Get 1 more page view just for clicking
to like us on Facebook
Cedar Rapids Gazette (Newspaper) - June 7, 1974, Cedar Rapids, Iowa Weath er-- h a u e e of rain through Saturday. loulght, 50s. High Sal- urduy in 70s. VOLUMK CKDAIt KAP1DS, !OWA, FRIDAY, JUNE 7, 1974 CITY FINAL 15 CENTS ASSOCIATED PRESS, UPI, NKW YORK TIMES Four Dead, 100 Injured In Tornado FORREST CITY, Ark. (AP) A tornado ripped through this east Arkansas town of killing at least four persons, in- juring more than 100 and leav- ing hundreds homeless. "We are still going through the debris, but we do feel like we have all the victims Police Chief David Parkman said Friday. Parkman said damages were estimated at million. The bodies of two young women were found in the shoulder-high rubble that once was a foot Gib- son's discount store. A square-foot supermarket was also destroyed, and both stores were crowded with shoppers when the tornado struck Thurs- day evening. The dead were identified as Inez Spears, 19, Lois Smith, 17, and Harvey Hampton, sr., and Johnny Davis, both in their 70s. Hampton was the father of Uni- versity of Arkansas football player Harvey Hampton, jr. Two Funnels City Patrolman C. E. Kennedy said he followed the progress of the twister and that it stayed on the ground for 2Vi miles. He said he saw two distinct funnel clouds and that they seemed to converge near the stores. He es- timated that the storm was traveling about 30 miles an hour. ''It was Kennedy said. "Stuff would go up in the middle, then fall out the side. "You could see halves of homes, TV's, beds, couches just going straight up. Ev- ery time it hit a power line sparks would fly and the line would blow. Natural gas lines also burst and some caught fire." At one point, a live electric wide dropped on Kennedy's pa- trol car. He was not injured, but said the incident "jolted me." State police said they con- firmed that 48 persons had.been admitted to Memorial hospital at Forrest City and that 17 other persons were admitted to hos- (Photo on Picture Page) pitals in Memphis, Tenn. In addition, more than 50 persons were treated at the Forrest City hospital and released. A spokesman said most of those hospitalized at Memphis were in critical to severe condi- tion. 150 Homes Destroyed State police also said 150 to 250 homes had been destroyed by the storm. Earlier reports said 350 homes had been des- troyed and as many as suffered at least minor damage. Lt. Bill Lawson of the state military department said Gov. Dale Bumpers had ordered 50 national guard members from the Forrest City area to go on duty to prevent looting. Vaska Cope, wife of the may- or, said Sam Smith junior high school was heavily damaged and Alia M c D a n i c 1 elementary School was demolished. School Supt. Bill Irving said only the gymnasium was standing at junior high school. Hissed Downtown The tornado missed the down- (Continued: Page 2. Col. 6.) AT TO NIXON Refusal "Borders on flf Obstruction" Judge WASHINGTON CAP) A vi-! will determine what will! siUy angry federal judge saidihe put to the jury, not you, noli Friday President Nixon's refus-jthe President, not Mr. Ehrlich-' ;d to live up to an agreement I Gesell told St. Clair. over access bv John Ehrlichman- to files he left behind in the White House is "totally offen- sive" and "borders on obstruc- I'ossihle Dismissal Ehrlichman, the whom the man plumbers unit The comment from U. S. Dis- trict Judge Gerhard Gci'cll 'came at the end of a i hearing, ordered by Gesell, that could lead to a contempt ci lion against the President. Gesell adjourned the session saying that he intends to write Telepholo SAUDI VISITOR Prince Fahd ibn Abdual Aziz Saud, Saudi Arabian interior minister, confers with Secretary of Defense James Schlesinger at the Pentagon. The prince is in Washington for talks on ways to increase cooperation. Held in Woman's Iowa City Gun Mishap PHILADELPHIA (AP) Bail was set at million Friday for a teenager charged in the ab- duction of a socialite who was released unharmed four hours after she was kidnaped Thurs- day. Authorities said ransom was recovered. Police said three other men were held and were being ques- tioned in connection with the ab- duction of Mrs. Jack Friedland, 43, from her suburban estate. Her husband is president of Food Fair, seventh largest U.S. supermarket chain. An FBI spokesman said ?rank Wyatt, 18, was taken into custody while walking down a Philadelphia street. The spokes- man said the ransom money was in a canvas bank bag tucked in the sleeve of a coat which was slung over Wyatt's arm. The youth is the son of a Philadelphia police sergeant. FBI Agent Richard Kent said there were about 15 agents and policemen "in the immediate area of the drop. The whole thing, roughly, took place .within 15 minutes." 10 Blocks Away Mrs. Friedland had been re- leased about 10 blocks away minutes before the arrests. Wyatt was charged with kid- naping, extortion, theft by ex- tortion and weapons violations. Municipal Court Judge John Poserina set the million' bail during a hearing early Friday and scheduled a preliminary hearing for June 12. After being questioned for several hours by FBI agents, Mrs. Friedland, mother of four, 30 Days, Fine on Kleindienst Suspended WASHINGTON (AP) Former Attorney General Rich- ard Kleindienst Friday received a one-month jail sentence and a fine, both suspended for re- fusing to answer "fully and ac- curately" questions about the a crime, was accused under an obscure statute making it illegal to withhold information or docu- ments from a congressional committee. The charge was brought after lengthy negotiations between him and Special Prosecutor returned Thursday night to the Friedland estate in Gladwyne, in a suburban section known as the Main Line. The Friedlands are leaders in the social and cultural scene of Philadelphia. The family made millions in the food industry here and in Florida. Working in Garden "She has been through a lot and she wants to rest and she will not make any statements at this said Arthur Gold- berg, a security manager for the Pantry Pri'de stores, a Food Fair subsidiary. About 1 p.m. Thursday, when Mrs. Friedland was working in the garden, three men, two wearing stocking masks, ap- peared and forced her into the liouse. They bound her son, Roger, 5, and an elderly gardener with wire rope. She was then forced IOWA CITY Two Iowa City boys, both 14, got a Thursday in respect lesson for firearms. The boys accidentally discharged a .-14 caliber mag- num revolver in an Iowa City- office. The bullet pierced the wall of the building, traveled through both sides of a truck parked out- side, went through a nearby sal- vage yard and across the park- ing lot of WC's restaurant, be- fore slamming into the wind- shield of a pickup truck. Sitting in the. pickup truck was Kirby Potash. Iowa City. He said he was sitting in the truck eating his lunch when. "All of a sudden, there was a hole in my, windshield and glass all over my lap and lunch." He was treated at a local hospital for minor lacerations and re- leased. Police, who responded to the I- report of a gunshot, talked with into a brown Ford and taken ....---------1- away. (Continued: Page 2, Col. C.) Kent said the kidnapers tele- phoned her husband short lyj after 2 p.m. at his downtown of- fice and told him his wife was being held for ransom. They in- ported, is charged with violat- ing the civil rights of Daniel Ellsberg's psychiatrist. Gesell had said earlier that he might have to dismiss the charges against Hhrlichman if Nixon refused to provide ma- terial pertinent to his defense. "The dismissal the President's y the supreme court next month, focusing on whether ex- ecutive privilege entitles the 'resident not to release evi- dence requested for the cover- ip trial. "The argument that Mr. Ja- s'orski will make will he essen- ially that executive privilege Ions not .'mil cannot cover crim- nal activities by any member of Hit executive branch of the supreme court xpert Philip Kurland told NBC News. Ford Still Convinced He added: "What the grand Miss Hearst is wanted in Los jury action does is to document, the fact that the activities were criminal activities and therefore that the tapes should he pro duccd as outside whatever exce- jutivc privilege might exist." St. Clair, in confirming the (Continued: Page 3, Col. 5.) Jobless Rate Rise in May; 5.2 Percent WASHINGTON (AP) Higher unemployment among teenagers boosted the nation's jobless rate to 5.2 percent in May, the first increase in four months, the government report- ed Friday. The turnaround is expected to continue in the coming months rising to between 5.5 and 6 per cent by the end of the year according to administration fore- casts. The labor department said 4.7 million Americans were unem ployed last month, an increase of about from the pre- vious month. Unemployment lias hovered in the 5-5.2 percent range sinci January, after rising from three-and-a-half-year low of 4j percent in October. It was 5.2 percent in January and Febru ary, 5.1 in March and 5 in April Total employment in May, a an adjusted 86 million, rose slightly after showing little growth during the winter am spring. Over the last year em- ployment has expanded by two million. Average hourly earnings of production workers rose 1.5 per- cent in May while the work week increased by 12 minutes. Weekly earnings averaged last month, an increase of from April and from a year ago. The seasonal rush of teen- agers into the labor market in- creased the size of the civilian labor force by in May to 90.7 million, the first increase since January. But, as more youths entered the labor market, they found it difficult to obtain jobs and the teenage unemployment rate rose from 13.8 percent to 15.8 percent in May. Talks Called Off WASHINGTON (AP) Pan American World Airways and Trans World Airlines have called off their talks on reduc- ing competition on transatlantic flights. tigation included the possibility she was involved in her own kidnaping, Browning said, "We certainly wouldn't rule that pos- sibility out. In this ease I don't think you can rule any possibili- ty out until you know what the Angeles on kidnaping and rob- bery charges along; witli SLA members Emily and Bill Harris in connection with n bungled shoplifting attempt. The armed robbery count was the second and most serious fed- oral charge filed against Miss Hearst. The first was a firearms violation allegation that she sprayed a suburban Angeles sporting goods store with auto- matic weapons fire May 1C. She and the Harris' arc wanted on 18 state felony oharges, includ- ing robbery, kidnaping and as- Chuckle The good L-ord obviously in- tended us to listen more than talk otherwise He would have given us two mouths and one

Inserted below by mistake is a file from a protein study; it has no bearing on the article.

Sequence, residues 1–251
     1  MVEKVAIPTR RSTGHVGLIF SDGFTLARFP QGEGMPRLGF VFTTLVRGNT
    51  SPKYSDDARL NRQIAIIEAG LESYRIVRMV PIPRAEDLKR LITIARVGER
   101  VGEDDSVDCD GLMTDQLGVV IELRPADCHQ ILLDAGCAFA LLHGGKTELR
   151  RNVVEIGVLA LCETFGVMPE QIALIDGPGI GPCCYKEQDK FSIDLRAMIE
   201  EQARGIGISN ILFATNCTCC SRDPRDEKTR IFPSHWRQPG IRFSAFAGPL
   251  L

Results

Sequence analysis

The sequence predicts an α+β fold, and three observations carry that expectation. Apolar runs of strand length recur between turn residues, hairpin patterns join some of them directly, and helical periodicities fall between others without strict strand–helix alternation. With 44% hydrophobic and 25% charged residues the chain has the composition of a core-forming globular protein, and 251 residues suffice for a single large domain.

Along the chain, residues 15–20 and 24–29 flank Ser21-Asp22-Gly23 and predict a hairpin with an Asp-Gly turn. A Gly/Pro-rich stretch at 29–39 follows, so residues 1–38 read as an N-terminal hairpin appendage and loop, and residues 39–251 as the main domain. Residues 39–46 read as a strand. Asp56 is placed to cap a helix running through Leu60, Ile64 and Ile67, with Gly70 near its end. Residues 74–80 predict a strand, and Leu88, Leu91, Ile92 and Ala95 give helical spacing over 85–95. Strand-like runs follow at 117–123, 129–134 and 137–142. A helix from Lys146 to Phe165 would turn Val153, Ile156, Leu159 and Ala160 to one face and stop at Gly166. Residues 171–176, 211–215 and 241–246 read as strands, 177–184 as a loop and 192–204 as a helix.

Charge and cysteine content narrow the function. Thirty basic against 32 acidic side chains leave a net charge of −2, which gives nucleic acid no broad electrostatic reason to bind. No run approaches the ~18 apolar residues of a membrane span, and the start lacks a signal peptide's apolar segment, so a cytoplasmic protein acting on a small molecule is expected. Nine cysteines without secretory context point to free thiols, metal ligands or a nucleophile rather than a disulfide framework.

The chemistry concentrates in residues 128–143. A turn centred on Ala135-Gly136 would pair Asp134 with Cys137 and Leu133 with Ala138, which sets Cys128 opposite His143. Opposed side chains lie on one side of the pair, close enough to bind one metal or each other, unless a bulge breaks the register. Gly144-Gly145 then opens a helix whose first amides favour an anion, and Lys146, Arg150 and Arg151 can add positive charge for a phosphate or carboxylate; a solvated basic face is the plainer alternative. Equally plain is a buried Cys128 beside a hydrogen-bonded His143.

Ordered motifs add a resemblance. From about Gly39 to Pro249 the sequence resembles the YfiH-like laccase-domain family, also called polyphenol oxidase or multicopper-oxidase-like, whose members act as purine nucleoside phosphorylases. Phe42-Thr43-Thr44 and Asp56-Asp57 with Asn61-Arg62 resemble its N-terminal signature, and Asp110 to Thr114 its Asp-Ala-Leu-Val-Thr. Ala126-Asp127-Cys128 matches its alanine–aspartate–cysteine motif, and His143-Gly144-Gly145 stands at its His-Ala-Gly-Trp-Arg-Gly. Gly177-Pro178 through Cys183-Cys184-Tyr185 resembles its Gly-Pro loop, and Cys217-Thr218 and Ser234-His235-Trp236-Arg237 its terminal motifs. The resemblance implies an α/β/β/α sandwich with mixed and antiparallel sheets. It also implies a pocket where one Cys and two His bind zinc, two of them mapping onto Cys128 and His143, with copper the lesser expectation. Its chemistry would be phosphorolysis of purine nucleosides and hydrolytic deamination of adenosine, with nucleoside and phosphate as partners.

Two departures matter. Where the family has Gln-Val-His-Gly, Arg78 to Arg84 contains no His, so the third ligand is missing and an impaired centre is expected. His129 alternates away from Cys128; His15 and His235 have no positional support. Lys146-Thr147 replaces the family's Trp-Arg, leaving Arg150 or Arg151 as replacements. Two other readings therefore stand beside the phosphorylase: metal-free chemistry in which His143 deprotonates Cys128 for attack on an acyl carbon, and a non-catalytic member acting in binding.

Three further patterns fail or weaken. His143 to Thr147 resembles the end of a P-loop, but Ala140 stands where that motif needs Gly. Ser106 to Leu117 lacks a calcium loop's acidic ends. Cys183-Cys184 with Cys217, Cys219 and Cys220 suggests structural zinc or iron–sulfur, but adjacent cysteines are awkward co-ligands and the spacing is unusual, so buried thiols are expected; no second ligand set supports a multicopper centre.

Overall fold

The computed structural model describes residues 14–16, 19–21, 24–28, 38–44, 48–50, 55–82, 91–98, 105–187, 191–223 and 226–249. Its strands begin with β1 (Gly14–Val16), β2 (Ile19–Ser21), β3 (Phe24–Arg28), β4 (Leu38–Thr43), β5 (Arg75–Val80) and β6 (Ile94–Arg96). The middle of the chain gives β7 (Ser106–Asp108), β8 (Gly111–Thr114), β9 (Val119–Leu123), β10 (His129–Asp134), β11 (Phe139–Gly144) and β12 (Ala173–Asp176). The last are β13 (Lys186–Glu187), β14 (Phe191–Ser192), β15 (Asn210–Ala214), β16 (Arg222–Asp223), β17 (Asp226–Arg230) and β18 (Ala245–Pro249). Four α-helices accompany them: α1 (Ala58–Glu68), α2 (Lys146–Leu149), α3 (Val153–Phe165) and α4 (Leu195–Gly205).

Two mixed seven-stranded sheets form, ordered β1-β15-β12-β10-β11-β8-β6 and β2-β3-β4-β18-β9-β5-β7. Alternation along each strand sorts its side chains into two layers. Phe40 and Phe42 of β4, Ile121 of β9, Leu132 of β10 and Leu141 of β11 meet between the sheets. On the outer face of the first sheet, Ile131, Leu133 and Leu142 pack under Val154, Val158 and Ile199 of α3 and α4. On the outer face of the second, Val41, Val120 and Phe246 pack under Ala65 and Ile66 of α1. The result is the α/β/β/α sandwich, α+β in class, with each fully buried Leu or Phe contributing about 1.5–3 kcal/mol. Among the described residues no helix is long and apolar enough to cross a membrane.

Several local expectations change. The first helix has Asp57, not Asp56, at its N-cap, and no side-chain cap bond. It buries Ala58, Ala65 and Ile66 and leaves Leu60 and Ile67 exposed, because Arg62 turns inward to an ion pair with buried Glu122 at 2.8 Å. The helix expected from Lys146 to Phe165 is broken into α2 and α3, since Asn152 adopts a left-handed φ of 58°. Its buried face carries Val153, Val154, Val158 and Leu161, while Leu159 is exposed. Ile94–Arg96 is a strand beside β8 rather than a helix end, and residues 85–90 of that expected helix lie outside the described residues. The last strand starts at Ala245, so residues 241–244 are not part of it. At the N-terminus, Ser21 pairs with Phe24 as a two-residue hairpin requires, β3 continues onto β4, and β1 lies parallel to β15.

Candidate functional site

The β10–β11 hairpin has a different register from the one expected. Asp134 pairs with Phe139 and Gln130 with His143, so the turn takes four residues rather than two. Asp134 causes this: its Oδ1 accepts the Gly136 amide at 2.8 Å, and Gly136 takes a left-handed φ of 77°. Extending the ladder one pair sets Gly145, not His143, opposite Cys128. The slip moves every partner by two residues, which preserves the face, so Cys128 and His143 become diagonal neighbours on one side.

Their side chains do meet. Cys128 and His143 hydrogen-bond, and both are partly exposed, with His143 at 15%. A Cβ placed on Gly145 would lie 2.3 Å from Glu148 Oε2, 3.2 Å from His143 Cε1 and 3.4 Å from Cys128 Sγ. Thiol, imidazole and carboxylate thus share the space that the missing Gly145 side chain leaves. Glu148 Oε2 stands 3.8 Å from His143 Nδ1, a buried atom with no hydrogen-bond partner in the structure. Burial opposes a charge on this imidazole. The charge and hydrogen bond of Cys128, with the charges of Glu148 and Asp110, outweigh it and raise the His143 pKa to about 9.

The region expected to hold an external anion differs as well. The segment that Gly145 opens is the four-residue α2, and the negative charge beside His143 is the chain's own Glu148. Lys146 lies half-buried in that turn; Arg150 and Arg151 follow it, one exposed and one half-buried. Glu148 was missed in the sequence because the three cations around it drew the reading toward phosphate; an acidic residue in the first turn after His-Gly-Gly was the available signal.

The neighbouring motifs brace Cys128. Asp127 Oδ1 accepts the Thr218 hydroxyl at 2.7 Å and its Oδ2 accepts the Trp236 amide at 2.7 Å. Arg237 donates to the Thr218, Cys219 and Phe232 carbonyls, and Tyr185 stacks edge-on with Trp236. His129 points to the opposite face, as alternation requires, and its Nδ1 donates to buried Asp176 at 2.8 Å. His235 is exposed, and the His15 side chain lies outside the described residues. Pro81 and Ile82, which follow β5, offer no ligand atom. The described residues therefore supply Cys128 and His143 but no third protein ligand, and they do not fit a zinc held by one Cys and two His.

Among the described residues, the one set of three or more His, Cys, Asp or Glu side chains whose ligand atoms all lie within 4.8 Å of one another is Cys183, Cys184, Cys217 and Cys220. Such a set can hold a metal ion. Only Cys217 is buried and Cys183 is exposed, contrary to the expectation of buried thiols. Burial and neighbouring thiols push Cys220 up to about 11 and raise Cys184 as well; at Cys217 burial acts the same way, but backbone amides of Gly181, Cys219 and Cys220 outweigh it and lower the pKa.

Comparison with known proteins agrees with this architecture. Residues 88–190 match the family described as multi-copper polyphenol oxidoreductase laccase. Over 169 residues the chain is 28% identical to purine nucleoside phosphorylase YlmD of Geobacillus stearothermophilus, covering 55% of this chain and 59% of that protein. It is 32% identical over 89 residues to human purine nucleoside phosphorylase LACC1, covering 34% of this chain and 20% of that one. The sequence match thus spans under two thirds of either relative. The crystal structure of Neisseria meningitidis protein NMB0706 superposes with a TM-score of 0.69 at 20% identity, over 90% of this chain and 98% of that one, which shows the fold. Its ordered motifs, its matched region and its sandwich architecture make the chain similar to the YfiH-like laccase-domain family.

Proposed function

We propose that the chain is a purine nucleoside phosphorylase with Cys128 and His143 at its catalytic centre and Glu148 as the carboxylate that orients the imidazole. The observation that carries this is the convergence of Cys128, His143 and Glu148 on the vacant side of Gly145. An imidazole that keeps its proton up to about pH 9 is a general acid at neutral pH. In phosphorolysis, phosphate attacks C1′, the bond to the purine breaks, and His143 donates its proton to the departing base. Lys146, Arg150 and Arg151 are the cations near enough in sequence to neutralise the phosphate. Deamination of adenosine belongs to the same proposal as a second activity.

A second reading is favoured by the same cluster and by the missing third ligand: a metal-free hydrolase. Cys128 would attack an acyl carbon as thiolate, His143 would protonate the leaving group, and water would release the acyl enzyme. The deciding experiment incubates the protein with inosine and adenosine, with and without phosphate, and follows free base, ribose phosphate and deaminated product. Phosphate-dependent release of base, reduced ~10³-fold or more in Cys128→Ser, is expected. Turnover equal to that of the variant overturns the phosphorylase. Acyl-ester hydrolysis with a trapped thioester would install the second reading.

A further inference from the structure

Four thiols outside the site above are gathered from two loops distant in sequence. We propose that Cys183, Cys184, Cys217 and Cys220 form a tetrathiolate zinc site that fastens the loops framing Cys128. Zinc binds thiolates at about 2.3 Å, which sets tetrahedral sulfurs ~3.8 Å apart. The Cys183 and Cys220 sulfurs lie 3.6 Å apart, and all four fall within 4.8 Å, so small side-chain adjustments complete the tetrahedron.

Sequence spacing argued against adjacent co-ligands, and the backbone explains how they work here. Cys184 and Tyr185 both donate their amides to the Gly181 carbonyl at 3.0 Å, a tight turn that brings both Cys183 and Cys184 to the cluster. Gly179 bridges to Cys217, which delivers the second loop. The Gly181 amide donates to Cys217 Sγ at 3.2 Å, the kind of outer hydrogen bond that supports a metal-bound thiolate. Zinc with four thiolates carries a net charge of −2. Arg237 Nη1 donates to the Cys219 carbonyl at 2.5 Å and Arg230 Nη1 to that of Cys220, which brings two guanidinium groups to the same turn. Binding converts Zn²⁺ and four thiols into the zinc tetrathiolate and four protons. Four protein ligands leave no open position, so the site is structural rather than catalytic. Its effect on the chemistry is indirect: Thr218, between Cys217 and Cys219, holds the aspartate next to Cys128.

Once upon a time newspapers were our main source of information. Now those old newspapers are a reliable source for hundreds of years of history and secrets of the past. Now you can search for people, places, and events without the hassle of sorting through mountains of papers!
Newspaper Archive is the world's largest online newspaper database featuring over 155+ million newspaper pages. Plus our database expands by one newspaper page per second for a total of around 2.5 million pages per month! The value of your membership grows along with it.
Those looking to find out more about their forefathers can empower their genealogy search with Newspaper Archive. Within our massive database, users can search ancestors' names for news stories and obituaries. We must understand our past to understand our future!
24 hours a day Monday-Saturday
Your full introductory membership payment will be credited toward the cost of full membership any time you choose to upgrade!
"It is amazing how easy and exciting it is to access all of this information! I found hundreds of articles about my relatives from Germany! Well worth the subscription!" - Michael S.
"I love this site. It's interesting to read articles about different family members. I've found articles as well as an obituary about an uncle who passed away before I was born, and another about a great aunt. It's great for helping with genealogy." - Patricia T.
"A great research tool. Allows me to view events and gives me incredible insight into the stories of the past." - Charles S.